Successful introduction of the totally implantable hearing aid.
The first implants in humans were performed in 1998, and the system was approved for routine use in Europe in October 1999. The device is completely implanted. The system is similar to that developed by Suzuki and Yanagihara and colleagues in Japan. It involves a hermetically sealed conventional microphone, battery, electronic unit, and piezoelectric vibrator of the ossicular chain. The major advance that made this system possible was the perfection of a battery that could be safely implanted. It is likely that all patients who wish to have their hearing restored to normal without the use of a conventional hearing aid, and who can afford to do so, will obtain totally implanted hearing aids.
The surgery required to implant the device can be performed under local or general anesthesia in an outpatient setting. This procedure confers far less risk of postoperative vertigo and sensorineural hearing loss than does stapedectomy. The battery life of this prosthesis is acceptable, and it will no doubt increase significantly with advanced technology in the future. The same totally implantable microphones and batteries will also be used soon for cochlear implants, which will make them totally implantable as well.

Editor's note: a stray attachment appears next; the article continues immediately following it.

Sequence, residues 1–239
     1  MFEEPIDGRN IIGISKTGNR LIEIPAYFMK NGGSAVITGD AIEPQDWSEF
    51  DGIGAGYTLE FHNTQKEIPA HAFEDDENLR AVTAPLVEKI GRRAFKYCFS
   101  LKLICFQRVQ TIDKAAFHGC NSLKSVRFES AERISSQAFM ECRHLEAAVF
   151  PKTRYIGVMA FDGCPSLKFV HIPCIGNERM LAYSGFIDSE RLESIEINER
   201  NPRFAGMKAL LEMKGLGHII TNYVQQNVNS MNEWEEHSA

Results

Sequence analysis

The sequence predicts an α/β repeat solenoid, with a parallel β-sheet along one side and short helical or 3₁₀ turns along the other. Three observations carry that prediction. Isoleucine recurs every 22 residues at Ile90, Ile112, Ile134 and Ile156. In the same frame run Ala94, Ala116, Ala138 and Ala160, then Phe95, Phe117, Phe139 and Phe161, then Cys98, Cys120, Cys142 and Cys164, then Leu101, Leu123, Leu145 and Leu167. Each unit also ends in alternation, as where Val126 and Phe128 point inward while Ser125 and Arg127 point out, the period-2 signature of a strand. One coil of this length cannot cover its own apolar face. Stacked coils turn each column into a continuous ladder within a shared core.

We have entered a new and exciting phase in otology that will remain prominent until hearing loss can be prevented and lost hearing can be restored by advances in gene engineering and molecular biology.
JACK L. PUBLEC
EAR, NOSE & THROAT JOURNAL
(1.) Pulec JL. The totally implantable hearing aid [editorial]. Ear Nose Throat J 1994:73:69.
|Printer friendly Cite/link Email Feedback|
|Comment:||Successful introduction of the totally implantable hearing aid.|
|Publication:||Ear, Nose and Throat Journal|
|Date:||Oct 1, 2000|
|Previous Article:||Stethoscopes online.|
|Next Article:||Glomus jugulare.|